"Australians are uncovering the riches of their terroir"
Published: 20/08/2015 12:00
Raphaël Tuil, gourmet and wine specialist, arrived in Melbourne six years ago. He discovered a young country enthusiastically developing its burgeoning culinary culture. A meeting with this enthusiastic gourmet, who today works in cheese import-export, and organizes wine and cheese tastings.
Is Australian wine really interesting?
Australia is a young country beginning the journey of discovery of the riches of its terroir and has a major advantage: pure, uncorrupted soil free of the pesticides which saturate Europe. Here, you can find Italian, Spanish and French grape varieties all in the same wine-growing region.
What are Australia’s wine regions?
Red wine is produced in the Barossa Valley, north of Adelaide (shiraz and grenache). It even boasts the oldest Grenache wines in the world! Around Melbourne, two wine regions border each other: Yarra Valley to the east and Mornington Peninsula to the south, which produces pinot noir, chardonnay and sparkling wine. Further to the south, in the island state of Tasmania, other sparkling wines and riesling are the norm. Cabernet-sauvignon is found around the Margaret River, south of Perth.
How much is a bottle of wine in Australia?
You’ll have to fork out a minimum of 12 dollars for a bottle that would be the equivalent of a 4-5 euro bottle in France. I never buy anything under 15 dollars, but then again I’m kind of snobbish!
Are the labels easy to understand?
No. In Australia, 80% of the bottles are sold in “bottle shops” because stronger alcohols may not be sold in supermarkets. Also, most restaurants offer BYO (“bring your own”). In the shop windows you’ll find both over-oaked, mass-produced and machine-harvested wines, and wines from small-scale producers who take pride in their work. Although an organic and biodynamic movement does exist, there is no specific labelling for it as of yet.
How do you find a good cellarman?
I test them by asking their advice. I then buy six bottles, as it’s cheaper to buy a case. I’ll revisit them only if I’m satisfied with the result. If you’ve to pick up a bottle for a barbie or a Melbourne restaurant, I recommend Blackheart & Sparrows, Prince Wine Store, Cloudwine, Winebins or Persillade.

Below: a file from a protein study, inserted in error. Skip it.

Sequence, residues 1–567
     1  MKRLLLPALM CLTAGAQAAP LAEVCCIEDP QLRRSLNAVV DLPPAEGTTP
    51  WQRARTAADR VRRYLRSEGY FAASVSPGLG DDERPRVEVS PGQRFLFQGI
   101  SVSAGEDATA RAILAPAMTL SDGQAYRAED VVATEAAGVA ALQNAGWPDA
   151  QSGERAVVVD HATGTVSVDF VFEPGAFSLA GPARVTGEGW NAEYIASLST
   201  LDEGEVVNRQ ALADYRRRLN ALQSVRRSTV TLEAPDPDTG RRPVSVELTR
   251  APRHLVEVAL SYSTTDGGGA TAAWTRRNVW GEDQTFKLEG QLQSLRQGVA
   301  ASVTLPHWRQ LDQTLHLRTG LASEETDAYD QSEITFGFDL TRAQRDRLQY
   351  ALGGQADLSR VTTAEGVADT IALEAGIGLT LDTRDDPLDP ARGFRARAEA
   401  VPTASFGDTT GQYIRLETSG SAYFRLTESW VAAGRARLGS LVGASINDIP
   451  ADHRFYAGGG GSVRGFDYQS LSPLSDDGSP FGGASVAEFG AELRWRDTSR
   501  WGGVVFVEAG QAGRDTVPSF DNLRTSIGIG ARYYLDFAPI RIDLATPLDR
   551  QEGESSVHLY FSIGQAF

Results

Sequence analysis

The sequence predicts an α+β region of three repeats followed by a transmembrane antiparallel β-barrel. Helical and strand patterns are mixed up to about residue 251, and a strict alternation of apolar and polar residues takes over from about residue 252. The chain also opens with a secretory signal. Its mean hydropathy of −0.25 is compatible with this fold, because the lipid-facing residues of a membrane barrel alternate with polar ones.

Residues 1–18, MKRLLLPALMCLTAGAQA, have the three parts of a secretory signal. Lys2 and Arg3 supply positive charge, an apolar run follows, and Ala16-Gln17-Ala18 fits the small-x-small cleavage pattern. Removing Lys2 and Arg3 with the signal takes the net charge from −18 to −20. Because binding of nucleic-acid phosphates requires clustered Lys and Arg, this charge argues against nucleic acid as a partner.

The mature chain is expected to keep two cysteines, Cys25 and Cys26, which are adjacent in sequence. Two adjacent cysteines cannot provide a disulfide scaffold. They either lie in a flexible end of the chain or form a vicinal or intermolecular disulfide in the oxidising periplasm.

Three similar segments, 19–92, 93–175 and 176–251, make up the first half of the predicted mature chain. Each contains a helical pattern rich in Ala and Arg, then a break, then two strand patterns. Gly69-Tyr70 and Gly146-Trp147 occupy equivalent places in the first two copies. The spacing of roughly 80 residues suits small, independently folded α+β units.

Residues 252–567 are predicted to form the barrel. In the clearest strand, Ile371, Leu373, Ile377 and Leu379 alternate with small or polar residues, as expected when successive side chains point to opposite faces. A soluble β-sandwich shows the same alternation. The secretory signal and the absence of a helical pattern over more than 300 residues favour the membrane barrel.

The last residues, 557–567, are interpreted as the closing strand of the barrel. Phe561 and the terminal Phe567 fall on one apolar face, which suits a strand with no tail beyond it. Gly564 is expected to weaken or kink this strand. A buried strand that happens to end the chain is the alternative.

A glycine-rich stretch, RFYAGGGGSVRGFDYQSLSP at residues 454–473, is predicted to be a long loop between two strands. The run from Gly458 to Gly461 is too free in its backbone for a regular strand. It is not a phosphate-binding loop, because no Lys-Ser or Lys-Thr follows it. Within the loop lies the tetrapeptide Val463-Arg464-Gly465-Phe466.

And what wines do you recommend us?
There’s an entire movement of very interesting young organic wine-growers such as Jamsheed, Luke Lambert, Mac Forbes and Lucy Margaux Vineyards. You’ll really appreciate the quality of these 20 vintages. If your wallet can stretch to it, do try the reference wines, the more prestigious domains whose fame is already widespread, such as Bindi, Giaconda, Torbreck, Dalwhinnie and Ten Minutes by Tractor. These wines cost a minimum of 50 dollars per bottle.
Australian beer is also pretty famous...
Yes indeed, and here too there’s much to be explored thanks to the exploding number of micro-breweries. In 2009, there were still only a few brands of beer available, but nowadays a new beer is launched every day. It’s also becoming evident that there’s also a growing appetite for good cheese. For twenty years there was only one cheese shop in Melbourne, and then last year two new stores opened their doors. Out of the blue, within a year the market doubled in size - particularly thanks to vegetarians.
Pity that there’s no cheese made with raw milk...
Yes, producing cheese with raw milk is banned in Australia, but that is about to change.
What’s the signature dish of Australian pubs?
No question about that, it’s gotta be chicken parma. I think that all Australians have this at least once a week. It’s a chicken fillet in breadcrumbs wrapped in a slice of ham, melted cheese and tomato sauce. It’s served with French fries and salad. It’s similar to a cordon bleu, but with tomato sauce and with the ingredients on the exterior. Guaranteed to quench the greatest appetite. In some rather more upmarket pubs in Melbourne, where there’s a real bistro movement, the ham is replaced by slices of grilled kangaroo, or the seasoning with bush berries.
Do Australians go on pub crawls?
Not really. There’s a real pub culture here. People usually stay in the same bar. Pubs manage to entice you to stay by offering everything you could want: food, music and drink. There are some very fine wine bars and also great cocktail bars, but I’ll tell you more about those in the article “An evening in Melbourne”.